People say, “with age comes wisdom.” Unfortunately along with wisdom, also comes with a laundry list of health issues. After time, our bones lose their mineral content and become very weak. This condition is most often known as osteoporosis. Due to this process, fractures become more frequent. The most common cause of geriatric fractures is falling or tripping. As age increases, individuals are more at risk of falling since the body’s reflexes and reaction time ultimately slow down. Our overall balance is also affected since it is directly linked to to the body’s muscle mass. As we get older, our muscle mass begins to lessen and this phenomenon causes balance issues.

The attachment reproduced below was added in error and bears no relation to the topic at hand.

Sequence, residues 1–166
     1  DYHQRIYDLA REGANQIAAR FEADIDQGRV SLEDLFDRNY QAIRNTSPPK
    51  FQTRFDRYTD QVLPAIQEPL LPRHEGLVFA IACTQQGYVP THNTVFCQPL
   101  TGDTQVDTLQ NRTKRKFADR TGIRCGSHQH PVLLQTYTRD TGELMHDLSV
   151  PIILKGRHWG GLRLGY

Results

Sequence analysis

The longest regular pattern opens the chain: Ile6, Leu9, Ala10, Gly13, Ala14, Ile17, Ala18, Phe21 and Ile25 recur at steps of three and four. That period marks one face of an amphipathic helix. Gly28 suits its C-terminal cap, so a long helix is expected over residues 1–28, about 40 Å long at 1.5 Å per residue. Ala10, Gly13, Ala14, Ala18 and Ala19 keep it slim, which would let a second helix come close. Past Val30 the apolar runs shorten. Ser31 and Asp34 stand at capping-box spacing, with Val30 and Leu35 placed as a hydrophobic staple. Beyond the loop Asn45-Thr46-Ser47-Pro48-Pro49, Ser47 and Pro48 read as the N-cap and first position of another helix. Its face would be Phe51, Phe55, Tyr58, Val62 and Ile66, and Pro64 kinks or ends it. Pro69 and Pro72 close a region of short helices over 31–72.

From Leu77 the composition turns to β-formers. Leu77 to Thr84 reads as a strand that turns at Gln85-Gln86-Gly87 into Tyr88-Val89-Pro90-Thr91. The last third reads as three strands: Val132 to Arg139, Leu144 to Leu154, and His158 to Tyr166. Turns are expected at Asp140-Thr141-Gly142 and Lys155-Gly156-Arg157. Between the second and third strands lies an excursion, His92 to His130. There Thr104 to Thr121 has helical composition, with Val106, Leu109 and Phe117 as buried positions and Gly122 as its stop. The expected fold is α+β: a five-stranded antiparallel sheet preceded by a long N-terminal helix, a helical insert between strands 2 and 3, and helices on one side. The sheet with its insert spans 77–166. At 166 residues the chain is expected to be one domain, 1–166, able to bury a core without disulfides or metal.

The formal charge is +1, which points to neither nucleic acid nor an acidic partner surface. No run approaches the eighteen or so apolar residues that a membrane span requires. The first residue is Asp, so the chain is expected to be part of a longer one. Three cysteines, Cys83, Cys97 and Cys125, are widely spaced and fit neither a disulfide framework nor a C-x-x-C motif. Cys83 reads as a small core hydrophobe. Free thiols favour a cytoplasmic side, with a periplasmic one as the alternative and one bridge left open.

50% of women over the age of 50 will suffer from a broken bone and 25% of men are likely to have a broken bone in their lifetime. Since our bone density decreases over time, our frame cannot withstand as much trauma or pressure as it used to and our bones have a harder time healing and reforming. The most common bones that senior citizens tend to break are the pelvis, hip, femur, vertebrae, humerus, hand, forearm, leg and ankle. Most breaks can be helped with a cast, but a few patients will occasionally need to undergo surgery, requiring intensive monitoring. Besides the onset of osteoporosis, the muscles that cushion the skeletal structure also thin over time. The best example takes place in the hip area where most of the bones are covered in body fat and muscle.
The healing process is always helped along by physical therapy, whether surgery is
involved or not. Every bone is different, so each fracture and situation is always unique. Physical therapy is the best way to heal after comparable trauma since- after age 50- fractures are harder to come back from. Orthopedic rehabilitation is often required after such an event by the physician treating the patient.